Capping off a busy 2016 scenario paintball season, Team Capital Offense met up for their annual year-end event. It’s one that thousands of players from around the world have attended for over a decade – the Fulda Gap Mega Game.
For those of you as yet uninitiated to this one, here’s the quick scoop. It’s a large-scale game simulating a Cold War era military scenario of a WARSAW land invasion of Europe. Don’t want to dive into the history? Think approximately 1500 players, bases and forts all over a giant paintball field, tanks galore, anti-tank rocket launchers, a mess of snipers rocking First Strikes, big name vendors, and some of the best teams in scenario paintball. Now stretch that over two days with many of the teams choosing to stay on site to camp (some come as early as Thursday), and you’ve got yourself a year-ending paintball bash!
Once again this year we had our friend from across the sea, Jack Wood, running and gunning with the TCO crew. He was joined by Anthony “T2” D’Ambrosio from Boston Paintball and a few other guests eager to sample the team’s off-field hospitality and our on-field aggression. Last year TCO offered their services to the NATO side, but the lopsided victory left us hungry for more, so this year we switched up and ran WARSAW, putting us back where we belong – on the attack!
The Action on the Field
Saturday’s game began with a WARSAW struggle to gain ground. Unfortunately for NATO, we brought our A-game and a squad of 25 seasoned paintballers rocking the latest Planet Eclipse markers and HDE uniforms, rolling with coordinated radios, a pack full of the best smokes in the game (Thanks Enola Gaye!), and Virtue loaders and masks. It didn’t take long to poke a hole in the NATO defenses, and once we had a toehold in enemy territory, we never let up, taking base after base as the day progressed.
One memorable moment saw TCO on the far side of the field in one of the border bases, Fort Apache. After digging out the defenders, we established a perimeter and prepared to hold off against the constant onslaught from a nearby NATO spawn point. Wave after wave crashed against the TCO cliffs. There are few things better than railing off a string of paint from an CS1 at charging enemy players who then take a short walk and come back for more. It took a tactical nuke called in from our own command to take us and the fort out of play.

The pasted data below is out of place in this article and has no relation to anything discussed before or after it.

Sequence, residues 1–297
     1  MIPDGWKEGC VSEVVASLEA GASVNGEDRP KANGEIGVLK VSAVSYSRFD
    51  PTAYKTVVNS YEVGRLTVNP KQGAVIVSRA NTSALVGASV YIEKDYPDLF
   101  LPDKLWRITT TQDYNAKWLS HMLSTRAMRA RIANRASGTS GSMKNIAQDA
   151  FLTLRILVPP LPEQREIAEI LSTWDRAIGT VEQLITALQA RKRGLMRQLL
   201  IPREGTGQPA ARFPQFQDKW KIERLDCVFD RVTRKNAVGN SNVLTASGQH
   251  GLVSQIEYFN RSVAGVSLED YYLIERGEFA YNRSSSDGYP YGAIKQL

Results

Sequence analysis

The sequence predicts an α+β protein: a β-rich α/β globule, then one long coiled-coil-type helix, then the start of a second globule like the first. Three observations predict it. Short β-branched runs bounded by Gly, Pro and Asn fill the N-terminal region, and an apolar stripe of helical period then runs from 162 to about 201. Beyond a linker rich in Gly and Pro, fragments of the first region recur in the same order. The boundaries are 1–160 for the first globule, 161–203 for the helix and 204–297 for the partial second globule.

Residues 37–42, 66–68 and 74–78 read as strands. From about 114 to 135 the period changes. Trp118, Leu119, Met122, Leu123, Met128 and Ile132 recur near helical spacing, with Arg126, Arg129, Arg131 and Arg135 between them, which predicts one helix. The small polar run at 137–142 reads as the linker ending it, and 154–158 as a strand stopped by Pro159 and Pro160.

And come back for more is exactly what NATO did on Sunday. Their side looked like a different team. We had a feast Saturday night, but NATO apparently skipped the food because they woke up hungry! Sunday was some of the best paintball we’ve seen – in-your-face action all day. Tank-on-tank shootouts, crazy charges and ambushes, and one insane final fight for the hilltop base Rex. I thought, based on Saturday, that the game would be a blowout, but NATO narrowed the gap and made it competitive. WARSAW brought home the win this year, but the teams got what they came for – a professionally-run, competitive, massive paintball battle. Command Decisions Wargames Center once again put on an amazing show.
The Off-Field Action
I love playing for Team Capital Offense. We do this paintball thing right. Our staging/camping area this year featured a giant table able to seat the entire team. Not only was it covered and lit, but it was even heated! Big thanks to Janet and Robert Cox who take such good care of us at this game, from fresh biscuits in the morning to brisket in the evening, and gallons of coffee to get us started each day.
I think our guests join us as much for the off field antics as for the paintball adventures. I’ll just say that there are stories to be told, but like Las Vegas, what happens at Fulda Gap stays there; however, if you have an imagination, I will reveal that there was fire, karate chops, and a guy in a bear suit. You can try to put the pieces together.
Foolybear on the Frontlines
One of the highlights for me this year was getting to test-drive the Etha 2. I’ve been a big fan of the Etha. There’s something about it that just fits my hand perfectly, and even though I had other options, I spent one year shooting nothing but that marker. I set out to see how much it could handle over the course of a dozen scenario games in all weather conditions. The Etha took all I dished out and came back for more, so when I had the chance to test the Etha 2, I jumped at it.
My first impression – game changer. It’s steady, quiet, and dead on target. It’s light and agile, a nimble marker for gun-fighting and one that’s easy to haul around for hours at a time. Once you get your hands on one you’ll be able to see for yourselves. Game. Changer. I would gladly carry the Etha 2 in any scenario event.
Want to see more pictures from Fulda Gap? Team Capital Offense had the talented English Rose Photography following us all weekend. I’m posting pictures on a daily basis, so follow @foolybear on the Twitter and keep up with the #paintball and #PlanetEclipse action!